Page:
Suppose you have made the commitment to make dramatic changes reducing use of resources. Now what do I do personally? What should a company do?
Experience with lean operations is good training for the next transition. Our friends in Australia, Ian Young and Anthony Peyton, developed the hourglass figure to help coach companies through this change process. They start by learning to see beyond waste as defined by lean; that waste is anything the customer would not pay for.
Young and Peyton often call this Beyond Waste Insight, presuming that a company has already made progress on lean as usually defined. Go into operations and look for materials waste using environmental glasses. Most of their conversion efforts so far have been in manufacturing companies.
Plug the air leaks and water leaks. Eliminate cardboard and other one-time use expendibles, or at least recycle them. Recycle your own scrap whenever possible. Start revising operations to eliminate all waste, including excess trim or cutting scrap. That’s waste too.
The first stretch objective is often zero-to-landill. Many American plants are also on this road to zero, but all the little changes take time. One company, Davey Water Products, cut the pounds sent to landfill by 85% in nine months, good progress. In time they will squeeze it to zero.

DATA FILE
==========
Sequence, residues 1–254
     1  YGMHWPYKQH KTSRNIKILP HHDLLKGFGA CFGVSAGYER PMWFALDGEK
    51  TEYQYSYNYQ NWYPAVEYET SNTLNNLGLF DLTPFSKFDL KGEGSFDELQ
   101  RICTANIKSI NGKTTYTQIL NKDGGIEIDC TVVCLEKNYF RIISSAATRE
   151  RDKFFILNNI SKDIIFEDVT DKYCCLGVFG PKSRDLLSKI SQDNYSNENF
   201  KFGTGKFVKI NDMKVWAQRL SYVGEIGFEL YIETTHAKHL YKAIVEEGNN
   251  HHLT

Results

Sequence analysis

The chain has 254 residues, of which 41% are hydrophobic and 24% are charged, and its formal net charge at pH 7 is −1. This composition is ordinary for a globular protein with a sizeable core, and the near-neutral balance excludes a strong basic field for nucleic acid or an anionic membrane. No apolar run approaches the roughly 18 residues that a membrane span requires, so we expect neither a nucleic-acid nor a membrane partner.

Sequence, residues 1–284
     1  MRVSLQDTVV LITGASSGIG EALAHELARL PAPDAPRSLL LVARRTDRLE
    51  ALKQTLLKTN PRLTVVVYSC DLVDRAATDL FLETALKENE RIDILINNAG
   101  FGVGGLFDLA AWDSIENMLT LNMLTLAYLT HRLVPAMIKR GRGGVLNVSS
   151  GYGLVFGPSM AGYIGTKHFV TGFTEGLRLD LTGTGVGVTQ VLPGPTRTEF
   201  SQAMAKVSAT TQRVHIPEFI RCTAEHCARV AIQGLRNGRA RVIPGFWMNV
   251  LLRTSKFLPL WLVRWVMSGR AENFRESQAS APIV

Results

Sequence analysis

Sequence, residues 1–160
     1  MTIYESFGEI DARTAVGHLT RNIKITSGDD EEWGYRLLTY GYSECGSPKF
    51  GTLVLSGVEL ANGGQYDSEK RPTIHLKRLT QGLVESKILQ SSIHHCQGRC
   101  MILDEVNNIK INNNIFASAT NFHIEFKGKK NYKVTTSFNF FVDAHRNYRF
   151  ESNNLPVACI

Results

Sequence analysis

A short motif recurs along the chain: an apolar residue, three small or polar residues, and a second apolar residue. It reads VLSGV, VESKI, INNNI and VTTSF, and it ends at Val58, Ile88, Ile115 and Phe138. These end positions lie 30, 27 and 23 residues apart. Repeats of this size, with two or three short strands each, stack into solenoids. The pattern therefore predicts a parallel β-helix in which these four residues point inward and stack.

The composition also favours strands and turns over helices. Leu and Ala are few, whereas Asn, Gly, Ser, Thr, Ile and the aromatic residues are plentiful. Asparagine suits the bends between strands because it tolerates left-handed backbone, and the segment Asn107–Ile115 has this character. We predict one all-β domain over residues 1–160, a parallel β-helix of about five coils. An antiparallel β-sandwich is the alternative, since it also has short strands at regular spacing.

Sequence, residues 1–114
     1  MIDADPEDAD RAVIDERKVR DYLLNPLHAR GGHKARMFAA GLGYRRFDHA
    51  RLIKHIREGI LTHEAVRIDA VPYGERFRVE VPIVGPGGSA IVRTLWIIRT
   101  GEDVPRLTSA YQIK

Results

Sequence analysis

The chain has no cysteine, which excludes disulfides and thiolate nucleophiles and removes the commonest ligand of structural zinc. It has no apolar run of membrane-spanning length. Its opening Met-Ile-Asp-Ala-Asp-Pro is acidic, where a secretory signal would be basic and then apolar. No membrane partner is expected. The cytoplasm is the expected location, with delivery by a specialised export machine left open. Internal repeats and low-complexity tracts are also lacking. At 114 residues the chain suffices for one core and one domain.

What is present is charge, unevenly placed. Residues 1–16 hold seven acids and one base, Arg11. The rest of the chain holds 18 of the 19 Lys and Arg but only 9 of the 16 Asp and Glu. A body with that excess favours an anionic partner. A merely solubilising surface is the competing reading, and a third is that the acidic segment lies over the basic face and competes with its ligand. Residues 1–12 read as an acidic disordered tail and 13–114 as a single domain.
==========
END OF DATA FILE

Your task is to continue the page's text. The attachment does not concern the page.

Regard landfill disposal as a last resort. Best: improve processes to eliminate the need for disposing of anything.
While working on operations improvements, which Young and Peyton call the waste hierarchy, start mapping what can be done in the upper half of the hourglass, which they call the materials hierarchy. What substitutions can be made in designs to either use less material or to use recycled material? Most companies make headway on this at the rate that they work through product design cycles. Of course, nobody can do everything at once. Beyond Waste Insight is a learning process.
Heavier lifting and the trickier changes are in the upper part of Young and Peyton’s materials hierarchy. How can we reduce the materials and energy used by products during their lifetime? At the end of a product’s life, how can we avoid disposing of it?
From a technical view, one has to get deep into life cycle analysis as a guide to rethinking the operations of customers as well as suppliers. However, real imagination and full system thinking is required to devise how to improve outcomes for your customers while using much less to do it. In most cases you will overhaul business models, regarding your company as a creator of better quality outcomes (a service business) rather than as a seller of quality stuff. Changing an established business model is never anything to take lightly. The effort will require education of customers in better ways to achieve quality results unless they are already on the same level of thinking.
Constantly emphasizing quality over quantity is a major change in business assumptions and philosophy. This is hard to visualize from the perspective we have now. However, an example of a manufacturer doing it is PortionPac Chemical in Chicago. Their story was in a previous update.